Reflect on how it went:
    • What worked well?
    • What didn’t work so well?
    • At what points were there problems in the flow?
    • How did you feel?

    Make changes to your presentation based on your reflections. Think of questions the audience might ask and prepare some answers.

    For groups: If you take turns to speak, you could offer constructive feedback to each other. Make sure you think of ways to encourage each other as well as suggesting ways to improve.

    Each group member should come up with two questions the audience could ask (a hard one and an easy one!). Then select a few questions at random and brainstorm some answers as a group.

    Useful resources:

    • Study Smart Presentations page - resources for all aspects of your presentation
    • Reducing anxiety (PDF, 40 KB) - for strategies to help you appear cool, calm and collected on the day
    • Study Smart Tracking your success page and Track, progress, success (PDF, 67 KB, especially the individual reflection activity on page 2 and the group reflection activity on page 4) - to help you keep track of your learning goals and progress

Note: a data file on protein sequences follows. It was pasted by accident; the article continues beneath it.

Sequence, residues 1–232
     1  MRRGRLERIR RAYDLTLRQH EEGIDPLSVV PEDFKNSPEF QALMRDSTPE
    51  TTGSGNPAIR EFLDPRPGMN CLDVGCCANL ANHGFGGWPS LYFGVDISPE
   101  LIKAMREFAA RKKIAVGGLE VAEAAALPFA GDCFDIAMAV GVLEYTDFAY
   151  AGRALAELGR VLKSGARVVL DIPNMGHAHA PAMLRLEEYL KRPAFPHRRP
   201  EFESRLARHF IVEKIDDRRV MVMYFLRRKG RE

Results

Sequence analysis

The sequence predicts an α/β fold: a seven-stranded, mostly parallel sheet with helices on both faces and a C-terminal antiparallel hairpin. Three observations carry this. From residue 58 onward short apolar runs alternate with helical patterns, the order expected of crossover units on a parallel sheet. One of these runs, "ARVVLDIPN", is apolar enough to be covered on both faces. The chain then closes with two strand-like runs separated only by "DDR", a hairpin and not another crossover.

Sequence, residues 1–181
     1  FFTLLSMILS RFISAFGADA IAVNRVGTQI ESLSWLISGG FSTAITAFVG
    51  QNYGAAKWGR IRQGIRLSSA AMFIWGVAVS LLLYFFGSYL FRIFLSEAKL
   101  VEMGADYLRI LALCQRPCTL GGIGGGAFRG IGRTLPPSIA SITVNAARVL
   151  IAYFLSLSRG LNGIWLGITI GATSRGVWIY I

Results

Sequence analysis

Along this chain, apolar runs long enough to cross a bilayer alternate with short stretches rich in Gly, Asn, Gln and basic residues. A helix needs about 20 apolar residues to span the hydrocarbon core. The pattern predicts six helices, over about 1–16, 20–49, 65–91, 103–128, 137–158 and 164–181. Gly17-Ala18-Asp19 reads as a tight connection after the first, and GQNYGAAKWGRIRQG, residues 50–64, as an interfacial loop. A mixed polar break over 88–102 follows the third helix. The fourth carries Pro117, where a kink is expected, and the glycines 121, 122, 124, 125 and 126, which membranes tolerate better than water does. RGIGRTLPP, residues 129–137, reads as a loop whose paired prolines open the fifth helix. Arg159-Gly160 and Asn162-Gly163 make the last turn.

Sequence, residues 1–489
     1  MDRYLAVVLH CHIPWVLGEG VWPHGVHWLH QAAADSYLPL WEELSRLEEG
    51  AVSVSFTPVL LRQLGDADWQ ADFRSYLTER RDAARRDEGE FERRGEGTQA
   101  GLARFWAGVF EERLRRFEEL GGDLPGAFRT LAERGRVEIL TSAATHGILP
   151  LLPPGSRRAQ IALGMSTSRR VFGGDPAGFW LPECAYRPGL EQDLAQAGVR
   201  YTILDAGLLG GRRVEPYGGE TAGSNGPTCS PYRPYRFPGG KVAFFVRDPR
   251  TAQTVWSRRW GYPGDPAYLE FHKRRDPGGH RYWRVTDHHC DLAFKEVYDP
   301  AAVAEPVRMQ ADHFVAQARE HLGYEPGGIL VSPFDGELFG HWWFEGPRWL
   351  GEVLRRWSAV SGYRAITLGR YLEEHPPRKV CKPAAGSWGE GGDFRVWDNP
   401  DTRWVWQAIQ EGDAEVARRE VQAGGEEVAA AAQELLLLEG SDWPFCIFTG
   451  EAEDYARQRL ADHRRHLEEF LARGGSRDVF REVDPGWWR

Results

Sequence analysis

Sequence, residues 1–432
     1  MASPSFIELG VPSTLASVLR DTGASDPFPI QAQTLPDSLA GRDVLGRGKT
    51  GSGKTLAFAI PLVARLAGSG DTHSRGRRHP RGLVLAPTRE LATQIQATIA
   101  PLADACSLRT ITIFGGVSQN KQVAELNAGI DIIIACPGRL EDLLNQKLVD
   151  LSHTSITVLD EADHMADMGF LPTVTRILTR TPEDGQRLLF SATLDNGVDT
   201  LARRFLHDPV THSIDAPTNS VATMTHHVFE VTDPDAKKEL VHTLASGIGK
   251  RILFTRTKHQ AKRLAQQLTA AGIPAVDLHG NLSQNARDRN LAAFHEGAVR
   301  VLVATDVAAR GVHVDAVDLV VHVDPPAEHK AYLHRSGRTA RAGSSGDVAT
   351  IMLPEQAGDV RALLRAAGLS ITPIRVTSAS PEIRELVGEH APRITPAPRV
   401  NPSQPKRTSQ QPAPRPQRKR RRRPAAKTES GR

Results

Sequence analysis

• Feedback hide and seek (PDF, 136 KB, pp.4-5) - for tips on making the most of the feedback you get so you can improve
    • Editing (PDF, 55 KB) and Proofreading (PDF, 40 KB) - don't let errors on your slides let you down

    Drop into a campus library and ask Library staff in red or chat with an Online Librarian or drop in to see a Study Smart Officer at your campus.
  8. Step 8: Practise with an audience.
    Percent time spent on this step: 10%

    Instructions:

    Practise your presentation with one or more onlookers. Invite them to ask questions so you can practise answering on the spot.

    Reflect on the feedback from your audience and how you felt giving your presentation in front of other people. Make changes to your presentation based on your reflections.